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Joshua Redman Quartet Night Town Cleveland, Ohio Saturday, June 23
Talk about separating the men from the boys. Put a well-known jazz artist with a local rhythm section and you’ll get acceptable results. But, present a true working group of New York heavies and watch the sparks fly. From the moment that sax man Joshua Redman hit that first number, it was like he had entered the ring as a welterweight defending his title. His punches were tidbits of melodies or phrases that he delivered in intricate permutations, only to be countered by pianist Aaron Goldberg, who was listening and watching for Redman’s every move. Evading the tradition of melody statement and then a chain of solos, each piece seemed to evolve in a way that obviously relied on the band’s collective inspiration at that particular moment. Goldberg’s sagacious re-working of “The Shadow of Your Smile” zigzagged through several distinct sections, including a point in the middle where Redman flexed his muscles by sustaining tones through circular breathing and getting some percussive effects by slap tonguing. Just as intriguing was the saxophonist’s closing gambit on “Twilight and Beyond,” where he managed to go for the notes in between the cracks, giving things a decidedly Middle Eastern flavor. Technically endowed to the max, bassist Reuben Rogers and drummer Gregory Hutchinson were remarkable, in support and in their own solo statements, with Redman frequently offering vocal encouragement to both from the sidelines. If there was to be one minor sticking point, it would have to be Redman's choice of tunes, the majority of which coming mainly from his penultimate album Beyond. As strong a writer as he is, with many albums under his belt, a bit more varied a program would have made a bit more sense. As for that final knockout, a blistering romp through “Donna Lee” provided an encore and confirmation of Redman’s victory nonetheless.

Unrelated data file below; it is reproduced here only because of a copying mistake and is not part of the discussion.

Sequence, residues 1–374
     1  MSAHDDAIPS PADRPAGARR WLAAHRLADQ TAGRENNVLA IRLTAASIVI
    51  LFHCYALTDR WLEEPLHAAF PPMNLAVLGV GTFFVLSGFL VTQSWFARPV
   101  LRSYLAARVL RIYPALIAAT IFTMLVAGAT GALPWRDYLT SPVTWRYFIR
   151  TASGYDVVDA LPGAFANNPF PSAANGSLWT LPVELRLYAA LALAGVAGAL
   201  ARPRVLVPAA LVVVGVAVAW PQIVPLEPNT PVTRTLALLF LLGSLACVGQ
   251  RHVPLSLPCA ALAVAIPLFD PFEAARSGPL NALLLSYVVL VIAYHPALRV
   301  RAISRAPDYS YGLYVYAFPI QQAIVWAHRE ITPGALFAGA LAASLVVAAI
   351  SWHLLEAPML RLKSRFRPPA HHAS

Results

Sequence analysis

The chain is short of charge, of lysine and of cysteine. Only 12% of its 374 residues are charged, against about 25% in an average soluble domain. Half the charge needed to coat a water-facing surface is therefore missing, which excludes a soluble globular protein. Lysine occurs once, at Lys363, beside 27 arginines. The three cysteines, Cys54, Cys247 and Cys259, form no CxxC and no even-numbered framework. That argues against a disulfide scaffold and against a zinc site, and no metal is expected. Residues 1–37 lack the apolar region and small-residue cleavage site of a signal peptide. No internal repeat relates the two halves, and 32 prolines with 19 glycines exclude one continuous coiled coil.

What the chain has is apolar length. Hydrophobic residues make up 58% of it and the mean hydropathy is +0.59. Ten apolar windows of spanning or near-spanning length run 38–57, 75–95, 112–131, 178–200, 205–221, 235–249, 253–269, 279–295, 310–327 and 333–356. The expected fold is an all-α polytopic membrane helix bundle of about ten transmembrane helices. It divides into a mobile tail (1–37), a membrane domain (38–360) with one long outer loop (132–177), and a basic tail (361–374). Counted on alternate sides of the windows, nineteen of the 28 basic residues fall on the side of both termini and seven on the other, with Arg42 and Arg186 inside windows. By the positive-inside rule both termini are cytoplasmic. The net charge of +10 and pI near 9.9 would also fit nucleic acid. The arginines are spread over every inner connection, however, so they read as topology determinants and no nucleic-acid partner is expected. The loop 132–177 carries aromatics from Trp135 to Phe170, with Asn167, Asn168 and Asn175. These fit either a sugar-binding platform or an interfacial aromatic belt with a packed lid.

I love jazz because anything is possible; it has few rules and the best jazz breaks those ones. I prefer free improv because it doesn't really have any rules at all.
I was first exposed to jazz in my teens (in the late sixties).
The first jazz record I bought was Filles de Kilimanjaro by Miles Davis, shortly followed by Extrapolation by John McLaughlin.
My advice to new listeners is to listen as widely as possible and not to make snap judgments--stick with it.